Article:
Victoria Krakovna. Research scientist at DeepMind working on AI safety, and cofounder of the Future of Life Institute. Website and blog: vkrakovna.wordpress.com
I would consider goal generalization as a component of goal preservation, and I agree this is a significant challenge for this plan. If the model is sufficiently aligned to the goal of being helpful to humans, then I would expect it would want to get feedback about how to generalize the goals correctly when it encounters ontological shifts.
I agree that a sudden gain in capabilities can make a simulated agent undergo a sharp left turn (coming up with more effective takeover plans is a great example). My original question was about whether the simulator itself could undergo a sharp left turn. My current understanding is that a pure simulator would not become misaligned if its capabilities suddenly increase because it remains myopic, so we only have to worry about a sharp left turn for simulated agents rather than the simulator itself. Of course, in practice, language models are often fine-tuned with RL, which creates agentic incentives on the simulator level as well.
You make a good point about the difficulty of identifying dangerous models if the danger is triggered by very specific prompts. I think this may go both ways though, by making it difficult for a simulated agent to execute a chain of dangerous behaviors, which could be interrupted by certain inputs from the user.
I would say the primary disagreement is epistemic - I think most of us would assign a low probability to a pivotal act defined as "a discrete action by a small group of people that flips the gameboard" being necessary. We also disagree on a normative level with the pivotal act framing, e.g. for reasons described in Critch's post on this topic.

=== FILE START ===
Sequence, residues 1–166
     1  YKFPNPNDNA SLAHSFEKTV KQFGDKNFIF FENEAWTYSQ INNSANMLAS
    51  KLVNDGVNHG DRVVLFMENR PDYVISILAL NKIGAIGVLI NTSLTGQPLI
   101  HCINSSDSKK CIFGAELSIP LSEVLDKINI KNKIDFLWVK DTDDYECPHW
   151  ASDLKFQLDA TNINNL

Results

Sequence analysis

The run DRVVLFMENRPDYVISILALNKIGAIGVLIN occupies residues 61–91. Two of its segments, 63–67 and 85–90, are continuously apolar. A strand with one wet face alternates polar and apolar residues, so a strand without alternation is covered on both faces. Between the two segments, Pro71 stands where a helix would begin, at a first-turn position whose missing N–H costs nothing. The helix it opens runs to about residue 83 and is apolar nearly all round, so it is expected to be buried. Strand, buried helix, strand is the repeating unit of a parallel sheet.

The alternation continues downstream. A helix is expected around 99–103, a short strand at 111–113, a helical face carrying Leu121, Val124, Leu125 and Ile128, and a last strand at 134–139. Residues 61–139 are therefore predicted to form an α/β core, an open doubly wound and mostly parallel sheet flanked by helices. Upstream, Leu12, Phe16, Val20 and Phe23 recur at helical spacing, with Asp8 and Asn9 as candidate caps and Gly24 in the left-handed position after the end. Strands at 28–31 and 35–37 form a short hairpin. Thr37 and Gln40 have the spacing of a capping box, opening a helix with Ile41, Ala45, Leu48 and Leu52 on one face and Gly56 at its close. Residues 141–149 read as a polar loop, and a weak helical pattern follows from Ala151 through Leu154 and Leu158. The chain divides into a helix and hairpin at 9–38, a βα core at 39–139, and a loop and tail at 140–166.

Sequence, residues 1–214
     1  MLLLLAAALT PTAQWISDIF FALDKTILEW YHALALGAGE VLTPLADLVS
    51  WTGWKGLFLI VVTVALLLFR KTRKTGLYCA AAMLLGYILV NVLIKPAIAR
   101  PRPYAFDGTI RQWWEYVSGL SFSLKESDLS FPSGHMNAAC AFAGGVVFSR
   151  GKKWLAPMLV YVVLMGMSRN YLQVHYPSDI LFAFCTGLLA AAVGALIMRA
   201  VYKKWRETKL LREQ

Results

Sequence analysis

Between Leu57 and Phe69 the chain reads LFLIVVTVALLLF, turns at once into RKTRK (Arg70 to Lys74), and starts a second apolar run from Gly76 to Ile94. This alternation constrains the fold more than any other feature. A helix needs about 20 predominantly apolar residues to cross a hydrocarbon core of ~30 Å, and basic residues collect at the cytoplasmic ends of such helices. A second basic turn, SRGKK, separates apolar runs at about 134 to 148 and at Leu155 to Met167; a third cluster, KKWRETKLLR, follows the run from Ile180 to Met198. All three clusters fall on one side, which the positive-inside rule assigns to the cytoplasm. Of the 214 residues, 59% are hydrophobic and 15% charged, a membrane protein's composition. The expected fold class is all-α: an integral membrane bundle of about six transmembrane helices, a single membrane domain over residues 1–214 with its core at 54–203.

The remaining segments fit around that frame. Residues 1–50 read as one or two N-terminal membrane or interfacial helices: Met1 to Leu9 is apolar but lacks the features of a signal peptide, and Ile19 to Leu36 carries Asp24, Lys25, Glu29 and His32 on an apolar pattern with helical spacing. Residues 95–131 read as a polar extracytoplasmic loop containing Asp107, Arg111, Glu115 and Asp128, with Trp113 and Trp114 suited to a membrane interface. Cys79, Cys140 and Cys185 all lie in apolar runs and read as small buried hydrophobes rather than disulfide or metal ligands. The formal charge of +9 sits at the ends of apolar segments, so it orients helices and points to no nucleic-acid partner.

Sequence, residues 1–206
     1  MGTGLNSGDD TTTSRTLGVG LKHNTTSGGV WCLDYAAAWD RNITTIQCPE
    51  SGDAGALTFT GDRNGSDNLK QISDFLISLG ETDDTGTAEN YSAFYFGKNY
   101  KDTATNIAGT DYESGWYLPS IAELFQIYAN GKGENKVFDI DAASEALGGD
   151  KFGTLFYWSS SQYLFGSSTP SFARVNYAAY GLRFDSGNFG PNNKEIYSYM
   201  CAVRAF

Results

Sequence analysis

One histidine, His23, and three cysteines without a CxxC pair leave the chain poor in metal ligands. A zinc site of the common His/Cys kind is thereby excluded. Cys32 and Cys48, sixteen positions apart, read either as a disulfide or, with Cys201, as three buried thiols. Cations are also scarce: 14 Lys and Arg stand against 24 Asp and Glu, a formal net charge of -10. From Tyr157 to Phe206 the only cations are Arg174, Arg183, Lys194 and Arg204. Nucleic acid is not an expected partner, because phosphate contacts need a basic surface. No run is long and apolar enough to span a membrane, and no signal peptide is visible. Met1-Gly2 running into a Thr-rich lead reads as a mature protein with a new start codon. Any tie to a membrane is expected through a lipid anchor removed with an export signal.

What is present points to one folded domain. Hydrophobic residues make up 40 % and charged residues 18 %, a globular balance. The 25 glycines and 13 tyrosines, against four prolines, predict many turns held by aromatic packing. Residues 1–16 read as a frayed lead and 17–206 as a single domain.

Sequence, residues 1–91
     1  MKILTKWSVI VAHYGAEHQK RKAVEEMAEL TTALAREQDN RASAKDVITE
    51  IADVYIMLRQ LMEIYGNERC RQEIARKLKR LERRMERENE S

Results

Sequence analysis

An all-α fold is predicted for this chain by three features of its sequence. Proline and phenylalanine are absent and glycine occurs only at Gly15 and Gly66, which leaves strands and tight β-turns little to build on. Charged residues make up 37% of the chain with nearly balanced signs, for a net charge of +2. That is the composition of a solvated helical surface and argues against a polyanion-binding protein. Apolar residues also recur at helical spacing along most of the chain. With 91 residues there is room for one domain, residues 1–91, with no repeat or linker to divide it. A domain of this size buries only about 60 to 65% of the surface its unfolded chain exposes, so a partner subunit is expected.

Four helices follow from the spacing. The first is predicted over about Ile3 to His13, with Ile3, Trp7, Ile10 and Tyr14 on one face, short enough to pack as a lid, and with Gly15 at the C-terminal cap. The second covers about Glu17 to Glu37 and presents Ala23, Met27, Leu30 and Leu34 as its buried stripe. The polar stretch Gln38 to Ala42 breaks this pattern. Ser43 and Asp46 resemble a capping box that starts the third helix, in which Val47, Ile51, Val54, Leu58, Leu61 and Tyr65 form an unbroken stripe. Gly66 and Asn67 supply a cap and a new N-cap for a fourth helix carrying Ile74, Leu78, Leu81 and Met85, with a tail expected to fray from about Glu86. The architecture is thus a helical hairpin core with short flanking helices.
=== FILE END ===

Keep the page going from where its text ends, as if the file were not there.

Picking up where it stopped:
Thanks Richard for this post, it was very helpful to read! Some quick comments:
Thank you for the insightful post. What do you think are the implications of the simulator framing for alignment threat models? You claim that a simulator does not exhibit instrumental convergence, which seems to imply that the simulator would not seek power or undergo a sharp left turn. The simulated agents could exhibit power-seeking behavior or rapidly generalizing capabilities or try to break out of the simulation, but this seems less concerning than the top-level model having these properties, and we might develop alignment techniques specifically targeted at simulated agents. For example, a simulated agent might need some level of persistence within the simulation to execute these behaviors, and we may be able to influence the simulator to generate less persistent agents.
Thanks Thomas for the helpful overview post! Great to hear that you found the AGI ruin opinions survey useful.
I agree with Rohin's summary of what we're working on. I would add "understanding / distilling threat models" to the list, e.g. "refining the sharp left turn" and "will capabilities generalize more".
Some corrections for your overall description of the DM alignment team:
Correct. I think that doing internal outreach to build an alignment-aware company culture and building relationships with key decision-makers can go a long way. I don't think it's possible to have complete binding power over capabilities projects anyway, since the people who want to run the project could in principle leave and start their own org.
We don't have the power to shut down projects, but we can make recommendations and provide input into decisions about projects
Thanks! For those interested in conducting similar surveys, here is a version of the spreadsheet you can copy (by request elsewhere in the comments).
Here is a spreadsheet you can copy. This one has a column for each person - if you want to sort the rows by agreement, you need to do it manually after people enter their ratings. I think it's possible to automate this but I was too lazy.